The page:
Universal/Blumhouse’s comedy horror Freaky may have opened on top of the box office last weekend, but reopened cinemas in Victoria saw Warner Bros.’ Tenet only a step behind.
Directed and co-written by Christopher Landon, Freaky is a play on Freaky Friday that sees a high school student unintentionally switch bodies with a serial killer.
Starring Vince Vaughn and Kathryn Newton, the film has received positive reviews, boasting a 85 per cent approval rating on Rotten Tomatoes. Locally it posted $586,260 from some 266 screens, while global takings stand at $USD5.6 million.
Yet perhaps the most notable performer of the weekend was Christopher Nolan’s Tenet, which jumped a whopping 496 per cent on the previous frame to ring up $578,999 from 149 screens; the largest screen average of the week.
That revival is attributable to Victorian cinemas, which were able to reopen last week after five months of lockdown.
Such a boost for the thriller meant Australia was the second highest performing market for the film last weekend after the US. Overall, it has made $12.7 million in Australia and $USD353.5 million globally.
Village Cinemas national film programming manager Geoff Chard is pleased with the reopening of Victorian sites, many of which have been closed since March. Tenet was by far the no. 1 title, accounting for more than 40 per cent of the box office, followed by Trolls World Tour and Unhinged.
“Even with a maximum occupancy of 20 people per auditorium, we were still able to pull in some decent crowds,” he tells IF.
This week the major will add After We Collided to schedules, along with a handful of other titles including Chinese films My People, My Homeland and Jiang Ziya: Legend of Deification.
Kristian Connelly, CEO of Carlton’s Cinema Nova, is similarly encouraged by the first seven days of trade, despite the 20 person cap and the extended cleaning times required between sessions.
The exhibitor ranked ninth nationally over the four day weekend. Connelly is hopeful that with no COVID-19 cases in Victoria for 17 days, absent demographics will return to the movies “sooner rather than later”.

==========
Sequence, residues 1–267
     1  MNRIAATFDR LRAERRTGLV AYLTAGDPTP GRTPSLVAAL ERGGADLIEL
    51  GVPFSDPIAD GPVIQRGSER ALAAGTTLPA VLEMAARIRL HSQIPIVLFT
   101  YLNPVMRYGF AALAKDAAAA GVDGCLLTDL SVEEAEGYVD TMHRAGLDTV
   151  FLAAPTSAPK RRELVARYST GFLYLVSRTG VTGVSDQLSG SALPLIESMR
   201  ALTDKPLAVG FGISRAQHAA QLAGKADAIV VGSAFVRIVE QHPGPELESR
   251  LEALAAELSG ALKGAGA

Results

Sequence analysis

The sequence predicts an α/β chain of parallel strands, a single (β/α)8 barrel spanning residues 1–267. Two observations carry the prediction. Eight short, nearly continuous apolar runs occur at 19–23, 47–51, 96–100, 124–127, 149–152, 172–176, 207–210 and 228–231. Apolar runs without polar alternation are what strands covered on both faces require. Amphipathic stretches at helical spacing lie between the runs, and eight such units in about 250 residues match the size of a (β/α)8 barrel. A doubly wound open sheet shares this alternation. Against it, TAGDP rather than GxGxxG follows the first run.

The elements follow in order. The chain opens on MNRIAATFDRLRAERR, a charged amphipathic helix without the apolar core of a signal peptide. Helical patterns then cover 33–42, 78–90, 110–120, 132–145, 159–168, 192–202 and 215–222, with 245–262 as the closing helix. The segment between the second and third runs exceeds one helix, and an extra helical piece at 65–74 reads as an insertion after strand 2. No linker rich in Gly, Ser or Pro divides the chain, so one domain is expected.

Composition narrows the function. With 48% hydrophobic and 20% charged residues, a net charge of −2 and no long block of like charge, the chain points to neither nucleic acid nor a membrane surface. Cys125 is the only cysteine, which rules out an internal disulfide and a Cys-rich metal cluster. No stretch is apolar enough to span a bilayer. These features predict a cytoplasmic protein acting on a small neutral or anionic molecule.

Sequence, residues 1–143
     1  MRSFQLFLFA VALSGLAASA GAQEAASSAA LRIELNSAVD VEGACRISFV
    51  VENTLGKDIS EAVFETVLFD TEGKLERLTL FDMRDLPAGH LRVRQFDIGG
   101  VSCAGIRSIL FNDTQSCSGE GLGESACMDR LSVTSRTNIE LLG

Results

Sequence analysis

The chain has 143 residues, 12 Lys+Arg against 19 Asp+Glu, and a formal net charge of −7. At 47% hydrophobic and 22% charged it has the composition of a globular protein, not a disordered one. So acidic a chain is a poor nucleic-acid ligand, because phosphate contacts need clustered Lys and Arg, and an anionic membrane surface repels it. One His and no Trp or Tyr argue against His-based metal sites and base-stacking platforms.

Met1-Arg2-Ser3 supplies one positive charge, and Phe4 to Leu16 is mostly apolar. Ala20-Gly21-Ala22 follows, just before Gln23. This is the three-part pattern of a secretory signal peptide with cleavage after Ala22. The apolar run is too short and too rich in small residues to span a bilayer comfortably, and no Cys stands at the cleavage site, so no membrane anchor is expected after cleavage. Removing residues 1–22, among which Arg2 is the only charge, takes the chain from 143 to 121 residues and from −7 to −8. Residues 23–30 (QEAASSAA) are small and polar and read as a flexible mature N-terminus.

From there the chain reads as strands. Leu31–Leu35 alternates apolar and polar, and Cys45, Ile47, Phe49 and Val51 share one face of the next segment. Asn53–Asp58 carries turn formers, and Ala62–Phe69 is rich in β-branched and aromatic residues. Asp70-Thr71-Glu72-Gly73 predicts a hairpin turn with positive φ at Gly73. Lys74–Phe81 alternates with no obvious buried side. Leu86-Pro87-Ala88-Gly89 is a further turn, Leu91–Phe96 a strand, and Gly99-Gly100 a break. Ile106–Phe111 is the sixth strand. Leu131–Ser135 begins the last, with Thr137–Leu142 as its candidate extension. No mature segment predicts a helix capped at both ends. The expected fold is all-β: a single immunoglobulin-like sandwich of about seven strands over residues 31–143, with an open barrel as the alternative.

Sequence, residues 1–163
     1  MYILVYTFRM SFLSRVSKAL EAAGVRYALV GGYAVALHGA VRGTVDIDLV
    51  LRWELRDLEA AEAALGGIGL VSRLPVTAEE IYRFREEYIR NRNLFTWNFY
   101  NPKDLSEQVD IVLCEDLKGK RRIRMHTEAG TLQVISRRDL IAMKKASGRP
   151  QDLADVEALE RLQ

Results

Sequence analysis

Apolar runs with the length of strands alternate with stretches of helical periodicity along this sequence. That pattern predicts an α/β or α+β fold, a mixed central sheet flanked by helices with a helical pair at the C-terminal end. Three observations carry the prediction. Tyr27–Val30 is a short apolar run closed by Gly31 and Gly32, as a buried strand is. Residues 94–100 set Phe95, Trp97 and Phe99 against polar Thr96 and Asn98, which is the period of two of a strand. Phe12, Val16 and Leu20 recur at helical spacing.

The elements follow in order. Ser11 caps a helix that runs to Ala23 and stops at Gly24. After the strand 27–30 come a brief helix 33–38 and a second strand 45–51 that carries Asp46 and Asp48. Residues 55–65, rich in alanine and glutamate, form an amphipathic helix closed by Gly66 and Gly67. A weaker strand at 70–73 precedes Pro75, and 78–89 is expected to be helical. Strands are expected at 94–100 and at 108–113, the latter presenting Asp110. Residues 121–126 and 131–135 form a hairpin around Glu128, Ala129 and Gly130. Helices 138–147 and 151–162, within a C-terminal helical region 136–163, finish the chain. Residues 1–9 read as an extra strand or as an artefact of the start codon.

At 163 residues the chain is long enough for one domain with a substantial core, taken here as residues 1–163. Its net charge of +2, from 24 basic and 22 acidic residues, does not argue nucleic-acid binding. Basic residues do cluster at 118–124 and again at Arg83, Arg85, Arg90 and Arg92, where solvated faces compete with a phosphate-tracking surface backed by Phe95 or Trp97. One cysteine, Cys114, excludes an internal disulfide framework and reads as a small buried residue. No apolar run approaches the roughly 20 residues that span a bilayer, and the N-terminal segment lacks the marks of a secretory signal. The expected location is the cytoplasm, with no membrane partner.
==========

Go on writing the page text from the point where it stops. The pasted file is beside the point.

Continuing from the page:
“The top film this past weekend was the highly anticipated Tenet, followed by the reissue of Bong Joon Ho’s Memories of Murder, Miranda July’s exceptional art-comedy Kajillionaire and AACTA award nominee Babyteeth,” he tells IF.
“Rams opened a little lower down the ranking than anticipated, but this may be skewed by older audiences being a little slower to return to the cinema than other states which are more progressed with arresting COVID. The films that are at the top of the box office rankings are those which appeal to a younger audience. Advance screenings of documentary Brazen Hussies have been well attended, with some shows selling out.”
Overall the top 20 titles generated $3.3 million, up a welcome 34 per cent from the previous weekend, according to Numero.
While Victoria boosted numbers, exhibitors elsewhere in the country report either slow or average trading. Notably, no title made over $600,000.
Besides Freaky, the only major new release was crime comedy The Comeback Trail. A remake of the 1982 film of the same name, it packs a stellar cast in stars Robert De Niro, Tommy Lee Jones, Morgan Freeman, Zach Braff and Emile Hirsch but has received middling reviews. Overall it earned $230,489 from 245 screens for Madman.